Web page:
CHIME Workshop on Music Education in China 
Hamburg (Germany), 17-20 November 2016   (cont'd)
 

 

The workshop will coincide with CHINA TIME 2016, a biennial festival initiated by the City Government of Hamburg. This festival is going to take place from 7 to 25 November 2016 in Hamburg and will focus specifically on Chinese music. Further partners in the CHIME workshop initiative include the Hamburg Academy for Music and Theatre (Hochschule für Musik und Theater and the Hamburg Conservatory (Hamburger Konservatorium). These institutions harbour substantial numbers of Chinese students and have established long-terms links with institutions in China.

 

 

Our idea is a workshop of limited proportions – about 40 participants, with some presenting papers on research, and others giving practical musical demonstrations,  discussing Chinese music teaching methods, concepts and problems. We will look into modern conservatory-style music training (Western as well as Chinese instruments and voice training), but also at musical training in more traditional frameworks such as opera troupes, traditional master-pupil relationships, and music training in history. The focus will range from high-level professional training to music teaching in elementary or middle schools, or in private musical enterprise and amateur circles. 

 

 

Music education is a rapidly growing territory, certainly in the People's Republic. Music departments in universities are increasingly productive, new conservatories are being founded, and many harbour staggering numbers of students. Tens of thousands of young musicians receive professional training, graduation exams have been upgraded to match international standards, new concert venues and music festivals are popping up by the dozens, which provide potential future public platforms for young talents.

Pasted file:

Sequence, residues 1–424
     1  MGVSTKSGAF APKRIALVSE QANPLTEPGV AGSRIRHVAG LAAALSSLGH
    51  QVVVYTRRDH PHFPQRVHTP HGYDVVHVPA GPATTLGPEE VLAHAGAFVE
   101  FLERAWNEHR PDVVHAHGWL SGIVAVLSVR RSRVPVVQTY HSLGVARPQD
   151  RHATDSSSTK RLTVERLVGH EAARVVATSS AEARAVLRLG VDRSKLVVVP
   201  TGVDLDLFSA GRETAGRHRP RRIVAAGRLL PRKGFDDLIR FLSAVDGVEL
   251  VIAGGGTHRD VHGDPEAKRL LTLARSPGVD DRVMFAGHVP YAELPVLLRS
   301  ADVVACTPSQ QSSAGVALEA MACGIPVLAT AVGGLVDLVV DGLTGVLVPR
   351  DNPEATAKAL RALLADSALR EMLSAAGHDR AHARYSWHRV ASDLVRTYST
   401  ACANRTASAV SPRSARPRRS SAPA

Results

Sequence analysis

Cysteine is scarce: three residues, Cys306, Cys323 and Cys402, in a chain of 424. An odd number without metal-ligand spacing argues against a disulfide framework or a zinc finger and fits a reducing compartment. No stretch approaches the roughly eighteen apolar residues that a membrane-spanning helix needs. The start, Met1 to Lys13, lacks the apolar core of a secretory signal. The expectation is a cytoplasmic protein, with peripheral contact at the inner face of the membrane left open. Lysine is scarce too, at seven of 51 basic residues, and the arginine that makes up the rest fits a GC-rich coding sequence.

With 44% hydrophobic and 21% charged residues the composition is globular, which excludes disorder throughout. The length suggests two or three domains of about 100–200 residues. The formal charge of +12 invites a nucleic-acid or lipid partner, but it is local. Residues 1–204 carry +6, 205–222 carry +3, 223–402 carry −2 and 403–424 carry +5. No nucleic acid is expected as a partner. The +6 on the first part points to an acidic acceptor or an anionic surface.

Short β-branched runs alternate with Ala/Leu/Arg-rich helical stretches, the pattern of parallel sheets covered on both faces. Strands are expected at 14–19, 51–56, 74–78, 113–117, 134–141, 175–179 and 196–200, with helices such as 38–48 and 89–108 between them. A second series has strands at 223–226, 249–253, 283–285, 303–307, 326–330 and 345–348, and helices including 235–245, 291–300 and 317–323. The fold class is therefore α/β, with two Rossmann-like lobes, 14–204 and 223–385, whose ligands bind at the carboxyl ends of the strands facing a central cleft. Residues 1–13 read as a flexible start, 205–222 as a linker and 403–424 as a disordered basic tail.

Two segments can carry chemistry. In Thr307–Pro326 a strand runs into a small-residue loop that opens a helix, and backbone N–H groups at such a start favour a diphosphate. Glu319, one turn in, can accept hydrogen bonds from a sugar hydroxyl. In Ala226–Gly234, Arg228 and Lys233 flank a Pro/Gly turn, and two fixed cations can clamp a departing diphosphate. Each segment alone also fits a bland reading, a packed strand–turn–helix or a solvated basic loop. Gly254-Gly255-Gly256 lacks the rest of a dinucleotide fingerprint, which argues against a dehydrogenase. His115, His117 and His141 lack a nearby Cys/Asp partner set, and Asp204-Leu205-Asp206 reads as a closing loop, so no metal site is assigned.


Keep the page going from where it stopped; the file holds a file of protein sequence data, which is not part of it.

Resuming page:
But not all is well. Future professional prospects for most young musicians in China are hardly enticing. The quality and long-term stability of the educational system is endangered by commercial incentives, the teaching itself can be overtly technical and void of artistic substance, and there are still other problems, not least the question of how to deal with the country's vast traditional musical heritage. This remains a hotly debated issue and, quite often, a minefield of misconceptions and conflicting ideological viewpoints. We look forward to a meeting where Western and Chinese scholars and musicians join forces and will exchange expertise in this realm, and will attempt to put all the issues more clearly on the map.

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